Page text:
Most witnesses (77%) say that they never reported the incident to someone in HR.
This is likely to have a social contagion effect—people who are unhappy about the incident tell others, who then also become unhappy upon hearing about the harassment and discrimination that is happening at their company. It infects the company culture, and has the potential to continue spreading unless something is done to rectify the situation.
Of witnesses who told others at work or told HR, 78% did not seek permission from the person who was being harassed or discriminated against.
When witnesses tell others at work, but don’t seek permission from the person who has been harassed or discriminated against, it creates three potential problems:
Anonymity is jeopardized. This is particularly harmful to investigations.
Trust may be further broken down. This can create major tensions in everyday work.
Workplace culture can be damaged. This can lead to a culture of gossiping, secrecy,
isolation, and helplessness among employees.
In order to be effective allies and protect the integrity of the reporting process, it
is advised that witnesses always try to get permission before reporting the incident
or sharing it with others.
The top five reasons given by witnesses for not reporting to HR were:
being worried about the consequences (34%)
not wanting to interfere (29%)
not knowing that witnesses could report (22%)
not wanting to be a snitch (18%)
not knowing how to report (16%)
Many participants chose more than one option, showing that there are often multiple reasons for witnesses not speaking up.
Mirroring barriers to reporting faced by direct targets of harassment and discrimination, 14% of witnesses were worried that their statements would not be believed. This is
in addition to citing the same main reason targets cite for not reporting: fear of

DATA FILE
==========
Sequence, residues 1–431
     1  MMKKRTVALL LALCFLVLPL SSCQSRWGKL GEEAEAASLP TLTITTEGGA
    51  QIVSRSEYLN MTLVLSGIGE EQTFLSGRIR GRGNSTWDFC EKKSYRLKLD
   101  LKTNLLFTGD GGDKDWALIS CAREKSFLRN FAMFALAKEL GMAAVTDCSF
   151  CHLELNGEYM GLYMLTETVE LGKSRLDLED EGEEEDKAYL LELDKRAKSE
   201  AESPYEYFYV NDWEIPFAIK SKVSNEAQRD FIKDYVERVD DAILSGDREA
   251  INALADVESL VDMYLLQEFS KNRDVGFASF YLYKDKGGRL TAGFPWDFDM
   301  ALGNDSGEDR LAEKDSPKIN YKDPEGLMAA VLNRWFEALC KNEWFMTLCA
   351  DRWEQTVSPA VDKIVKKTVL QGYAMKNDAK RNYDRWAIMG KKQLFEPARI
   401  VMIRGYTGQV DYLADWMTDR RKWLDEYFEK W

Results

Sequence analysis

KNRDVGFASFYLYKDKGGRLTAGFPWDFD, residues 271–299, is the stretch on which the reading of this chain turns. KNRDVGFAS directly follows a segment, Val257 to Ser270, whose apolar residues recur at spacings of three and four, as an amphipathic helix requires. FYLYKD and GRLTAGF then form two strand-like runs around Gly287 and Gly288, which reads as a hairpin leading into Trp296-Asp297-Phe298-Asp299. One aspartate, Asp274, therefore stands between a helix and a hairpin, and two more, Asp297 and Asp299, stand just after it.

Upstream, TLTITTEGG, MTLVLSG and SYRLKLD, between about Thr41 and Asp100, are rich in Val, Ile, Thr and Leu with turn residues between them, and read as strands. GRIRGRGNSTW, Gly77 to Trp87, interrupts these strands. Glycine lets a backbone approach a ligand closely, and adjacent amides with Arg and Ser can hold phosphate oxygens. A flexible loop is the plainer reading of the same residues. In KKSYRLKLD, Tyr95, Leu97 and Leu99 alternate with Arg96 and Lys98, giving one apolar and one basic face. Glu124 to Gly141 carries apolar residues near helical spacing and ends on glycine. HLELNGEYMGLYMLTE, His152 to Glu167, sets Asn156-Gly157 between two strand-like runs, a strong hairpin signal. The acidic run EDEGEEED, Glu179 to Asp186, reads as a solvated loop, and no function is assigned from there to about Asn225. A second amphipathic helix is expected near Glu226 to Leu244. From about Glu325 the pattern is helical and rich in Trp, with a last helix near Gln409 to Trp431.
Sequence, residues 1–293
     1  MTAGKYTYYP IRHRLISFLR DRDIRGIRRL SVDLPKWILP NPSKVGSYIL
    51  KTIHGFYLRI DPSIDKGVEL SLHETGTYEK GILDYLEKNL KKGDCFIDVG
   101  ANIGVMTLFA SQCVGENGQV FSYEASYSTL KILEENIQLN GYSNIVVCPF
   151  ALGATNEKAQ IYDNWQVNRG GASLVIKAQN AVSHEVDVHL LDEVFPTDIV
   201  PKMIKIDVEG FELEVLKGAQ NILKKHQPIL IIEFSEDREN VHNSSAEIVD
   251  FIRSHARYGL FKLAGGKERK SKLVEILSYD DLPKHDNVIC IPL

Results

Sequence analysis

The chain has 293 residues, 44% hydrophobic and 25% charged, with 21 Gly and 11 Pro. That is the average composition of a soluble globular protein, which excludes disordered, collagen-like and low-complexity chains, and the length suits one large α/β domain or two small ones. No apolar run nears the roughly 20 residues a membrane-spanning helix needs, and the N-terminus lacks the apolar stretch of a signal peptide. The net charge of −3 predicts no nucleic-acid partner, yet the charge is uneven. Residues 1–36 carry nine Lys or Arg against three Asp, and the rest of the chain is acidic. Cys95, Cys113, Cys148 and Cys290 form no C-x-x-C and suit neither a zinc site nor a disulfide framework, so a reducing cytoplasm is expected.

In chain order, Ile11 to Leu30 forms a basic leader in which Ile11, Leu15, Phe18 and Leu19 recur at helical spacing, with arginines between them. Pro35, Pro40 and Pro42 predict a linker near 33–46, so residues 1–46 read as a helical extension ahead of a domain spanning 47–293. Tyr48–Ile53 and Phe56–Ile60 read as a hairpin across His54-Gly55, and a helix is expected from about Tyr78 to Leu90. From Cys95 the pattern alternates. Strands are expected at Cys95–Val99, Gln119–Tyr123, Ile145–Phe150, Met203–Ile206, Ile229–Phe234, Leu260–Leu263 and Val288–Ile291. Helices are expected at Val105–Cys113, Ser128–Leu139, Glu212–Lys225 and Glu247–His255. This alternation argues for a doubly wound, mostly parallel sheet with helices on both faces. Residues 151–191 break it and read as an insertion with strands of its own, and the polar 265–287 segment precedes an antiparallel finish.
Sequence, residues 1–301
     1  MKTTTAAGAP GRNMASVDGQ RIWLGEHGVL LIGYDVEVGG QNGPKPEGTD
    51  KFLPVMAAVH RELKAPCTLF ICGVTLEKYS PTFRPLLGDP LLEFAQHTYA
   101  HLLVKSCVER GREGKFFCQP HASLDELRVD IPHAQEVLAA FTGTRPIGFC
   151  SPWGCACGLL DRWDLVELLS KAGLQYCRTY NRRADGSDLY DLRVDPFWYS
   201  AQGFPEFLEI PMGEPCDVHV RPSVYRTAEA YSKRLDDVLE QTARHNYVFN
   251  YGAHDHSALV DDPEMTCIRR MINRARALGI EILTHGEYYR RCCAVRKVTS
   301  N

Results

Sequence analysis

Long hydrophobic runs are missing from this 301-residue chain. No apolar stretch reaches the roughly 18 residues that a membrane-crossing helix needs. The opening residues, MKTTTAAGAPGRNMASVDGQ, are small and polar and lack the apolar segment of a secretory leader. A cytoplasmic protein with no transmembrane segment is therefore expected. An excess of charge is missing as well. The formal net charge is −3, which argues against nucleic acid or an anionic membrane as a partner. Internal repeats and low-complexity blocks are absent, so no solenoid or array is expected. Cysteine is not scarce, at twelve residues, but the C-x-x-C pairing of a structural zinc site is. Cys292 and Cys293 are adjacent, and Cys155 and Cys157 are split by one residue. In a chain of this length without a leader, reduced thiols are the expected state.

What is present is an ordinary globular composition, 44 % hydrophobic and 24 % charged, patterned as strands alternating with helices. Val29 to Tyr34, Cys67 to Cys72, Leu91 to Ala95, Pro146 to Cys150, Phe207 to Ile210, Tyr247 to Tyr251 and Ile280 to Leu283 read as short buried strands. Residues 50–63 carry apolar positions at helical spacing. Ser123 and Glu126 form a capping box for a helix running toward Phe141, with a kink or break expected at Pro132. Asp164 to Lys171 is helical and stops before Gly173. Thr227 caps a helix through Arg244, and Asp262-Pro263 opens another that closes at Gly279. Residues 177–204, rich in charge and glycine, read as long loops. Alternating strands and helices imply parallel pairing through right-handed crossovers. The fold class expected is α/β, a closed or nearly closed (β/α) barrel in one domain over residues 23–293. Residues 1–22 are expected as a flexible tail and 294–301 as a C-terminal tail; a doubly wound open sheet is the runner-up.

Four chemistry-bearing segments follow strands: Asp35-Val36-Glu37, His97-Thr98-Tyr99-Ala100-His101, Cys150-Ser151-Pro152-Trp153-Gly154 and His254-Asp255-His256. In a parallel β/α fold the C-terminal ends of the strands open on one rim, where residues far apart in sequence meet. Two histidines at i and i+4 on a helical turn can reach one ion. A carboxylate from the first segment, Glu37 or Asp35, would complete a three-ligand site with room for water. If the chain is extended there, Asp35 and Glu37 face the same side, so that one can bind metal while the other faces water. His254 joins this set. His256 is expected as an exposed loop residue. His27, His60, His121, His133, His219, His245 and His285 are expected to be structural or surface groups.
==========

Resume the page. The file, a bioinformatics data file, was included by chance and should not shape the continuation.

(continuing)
consequences and retaliation.
Those who witnessed the situation first hand were significantly more likely to be worried about the consequences of reporting, with 50% of those who were there citing it as a barrier, while only 21% of those who heard about the incident cited it as a barrier. Level of involvement in the situation, and perceptions of responsibility and blame, may therefore
be related to how likely a witness is to report the event.
When asked about the reasons for not reporting to HR, many witnesses cited issues with the process itself.
16% of witnesses said they didn’t know how to report
9% said that the reporting process is too complicated
5% said that they don’t have time to report
A good reporting system should allow for easy and efficient reporting. This would
break down one of the barriers to reporting.
Additionally, the single best way that witnesses say employers could improve witness reporting is by providing a system that allows witness anonymity. Witnesses also said
that employers would be more likely to hear from them if they (i) had choices about where to report, (ii) actively encouraged witness reporting, (iii) had an automated witness reporting system, and (iv) made it easier to find out how to report.
In line with this, over 80% of witnesses said that allowing online reporting through an automated system was “important.” The importance of this was also supported by results showing that witnesses who already had an online reporting tool available were significantly more likely (1.5x) to report the incident to HR.
This research provides evidence that employees continue to witness harassment and discrimination at work, and that they face many barriers to reporting it to their employer. Witnesses also have direct recommendations as to how the reporting process can be improved.
Major recommendations based on these results include:
Harness the knowledge of witnesses for understanding harassment and
discrimination in the workplace.
Communicate internally that witnesses can report harassment and discrimination